The 2013 pizza-eating champion, Molly Schuyler, downed 12.9 cheesy slices in 10 minutes. But that’s definitely not what we’re suggesting when we encourage you to learn how to feel full faster.
Feeling satiated after eating involves your guts, brain and attitude. And when you eat too fast, too much or too-processed foods (anything with the Five Food Felons – trans and saturated fats, added sugars and sugar syrups, and any grain that isn’t 100 percent whole), your body can’t tell when you’ve had enough. You need to give your appetite-regulating systems (and emotions) a chance to react to what you eat. Here’s how:
• Savor the flavor. Put your fork down between bites; chew your food slowly. That releases more nutrition from the food and lets leptin, your appetite-controlling hormone, respond so you eat less. Almost a century ago, “the Great Masticator” Horace Fletcher advocated 100 chews per bite. We say, depending on the food, chew around 10-20 times.
• Just say “nuts.” Twenty minutes before a meal eat six walnuts or 12 almonds. They contain 70 calories of fat, and that’ll slow your stomach emptying, so you’ll feel full sooner.
• Practice mindful eating. Notice the texture and flavor of each bite and how your body responds to food; place yourself in a calm (no TV) environment. That helps control cravings and impulse eating. It also improves the digestive process that goes on in your mouth.
Experiment with this for one week; we’re sure you’ll eat less, feel fuller faster and enjoy mealtime a lot more.
Fat skinny people
Four-year-old Johnny Collinson seemed too young to summit Mount Rainier, and 14-year-old Hou Yifan didn’t look the part when she became chess’ youngest female grandmaster. But appearances can be deceiving, especially if you assume normal-weight people aren’t at risk for complications associated with obesity, such as high lousy LDL cholesterol, diabetes and hypertension.
Being MONW – metabolically obese normal weight – isn’t uncommon. Up to 20 percent of people diagnosed with diabetes are thin. And 37 percent of normal-weight adolescents have at least one risk factor for prediabetes – high blood pressure, high blood sugar or high LDL cholesterol.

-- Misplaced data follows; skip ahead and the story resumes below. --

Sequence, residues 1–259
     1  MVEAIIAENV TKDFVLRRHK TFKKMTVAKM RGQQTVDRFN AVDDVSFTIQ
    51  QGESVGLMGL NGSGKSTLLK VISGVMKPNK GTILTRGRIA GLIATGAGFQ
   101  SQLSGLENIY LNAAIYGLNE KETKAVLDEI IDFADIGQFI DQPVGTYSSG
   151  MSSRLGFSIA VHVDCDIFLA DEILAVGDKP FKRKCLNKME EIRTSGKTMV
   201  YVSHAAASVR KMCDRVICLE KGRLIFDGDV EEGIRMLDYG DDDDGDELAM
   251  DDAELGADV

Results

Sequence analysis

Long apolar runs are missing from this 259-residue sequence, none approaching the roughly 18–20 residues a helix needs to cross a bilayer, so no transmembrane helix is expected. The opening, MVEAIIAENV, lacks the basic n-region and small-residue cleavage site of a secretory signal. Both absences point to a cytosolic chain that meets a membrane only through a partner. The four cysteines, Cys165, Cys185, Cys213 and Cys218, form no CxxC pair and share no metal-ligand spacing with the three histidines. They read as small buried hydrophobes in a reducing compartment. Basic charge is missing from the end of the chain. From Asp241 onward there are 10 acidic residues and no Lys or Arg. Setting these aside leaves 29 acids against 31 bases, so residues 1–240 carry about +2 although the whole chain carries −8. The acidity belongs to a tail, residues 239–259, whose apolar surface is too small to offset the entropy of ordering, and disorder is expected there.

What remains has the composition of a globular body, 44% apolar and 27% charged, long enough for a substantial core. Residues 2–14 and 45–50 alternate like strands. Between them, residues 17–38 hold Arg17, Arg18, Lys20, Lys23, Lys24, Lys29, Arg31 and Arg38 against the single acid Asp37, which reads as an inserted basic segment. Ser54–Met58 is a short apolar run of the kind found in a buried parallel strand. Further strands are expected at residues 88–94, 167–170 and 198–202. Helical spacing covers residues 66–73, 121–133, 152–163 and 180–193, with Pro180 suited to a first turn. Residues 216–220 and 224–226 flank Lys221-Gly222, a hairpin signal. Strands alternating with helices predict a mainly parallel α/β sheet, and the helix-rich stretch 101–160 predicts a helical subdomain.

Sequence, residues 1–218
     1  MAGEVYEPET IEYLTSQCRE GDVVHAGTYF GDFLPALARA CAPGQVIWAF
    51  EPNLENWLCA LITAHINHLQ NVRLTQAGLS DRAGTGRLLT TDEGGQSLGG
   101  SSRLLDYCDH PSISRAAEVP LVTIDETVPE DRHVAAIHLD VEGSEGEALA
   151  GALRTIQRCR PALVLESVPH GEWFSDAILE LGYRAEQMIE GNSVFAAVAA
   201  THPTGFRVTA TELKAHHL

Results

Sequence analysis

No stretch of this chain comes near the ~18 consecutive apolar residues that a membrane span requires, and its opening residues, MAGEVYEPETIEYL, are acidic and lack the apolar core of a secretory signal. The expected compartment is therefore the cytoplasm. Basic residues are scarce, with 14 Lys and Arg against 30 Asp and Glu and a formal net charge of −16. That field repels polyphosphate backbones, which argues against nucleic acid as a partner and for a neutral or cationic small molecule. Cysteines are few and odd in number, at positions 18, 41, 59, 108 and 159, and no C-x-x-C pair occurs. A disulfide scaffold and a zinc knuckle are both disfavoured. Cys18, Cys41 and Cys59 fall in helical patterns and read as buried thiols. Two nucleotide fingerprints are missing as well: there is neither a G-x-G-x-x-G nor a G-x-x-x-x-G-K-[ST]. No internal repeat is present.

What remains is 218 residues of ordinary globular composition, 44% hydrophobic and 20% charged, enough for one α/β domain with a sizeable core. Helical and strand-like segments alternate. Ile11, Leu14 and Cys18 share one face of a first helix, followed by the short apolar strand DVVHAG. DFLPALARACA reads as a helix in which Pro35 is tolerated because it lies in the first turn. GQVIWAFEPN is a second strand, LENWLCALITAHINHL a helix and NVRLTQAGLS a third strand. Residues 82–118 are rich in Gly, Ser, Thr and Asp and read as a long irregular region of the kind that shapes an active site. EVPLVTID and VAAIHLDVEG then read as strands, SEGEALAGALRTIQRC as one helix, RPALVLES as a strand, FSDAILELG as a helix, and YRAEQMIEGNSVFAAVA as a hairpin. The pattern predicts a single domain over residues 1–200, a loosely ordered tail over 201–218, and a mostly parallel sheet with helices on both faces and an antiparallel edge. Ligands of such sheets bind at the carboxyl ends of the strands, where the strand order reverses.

Turns out, what determines lipid levels and some other risks associated with metabolic obesity is what you eat and how much you move around, not just how much you weigh. Case in point: 60 percent of North American adults are obese or overweight, but only 33.5 percent have lousy LDL levels.
So thin or not, check your cholesterol levels at age 20, then again every five years. Check more often if you’re a man over 45 or a woman over 50; if you’ve had an LDL cholesterol reading of 130 or more; or if your good HDL cholesterol level is below 40. Also, test glucose levels annually.
Get more active. Don’t sit for more than two hours at a stretch. Add a 30-minute walk to your daily routine, aiming for 10,000 steps daily. Do 20 minutes of strength-building exercises two to three days a week.
Eat nine servings of fruits and veggies a day, only lean protein and 100 percent whole grains.
Oreos and addiction
We feel compelled to weigh in on the recent “Oreo Study,” which postulates that Oreos are as addictive as, or maybe more addictive than, morphine and cocaine. The Connecticut College researchers did get a few things right, but we’ve got to drop the study into the bad science bin.
It’s true that high-fat/high-sugar foods stimulate brain pleasure centers in both humans and rodents (the experiments were done on lab rats). And Oreos contain powdered and granulated sugar, hydrogenated shortening, cocoa and high-fructose corn syrup. So when researchers gave the rats the option of a rice cake or an Oreo, it wasn’t surprising that lab rats went for the cookie.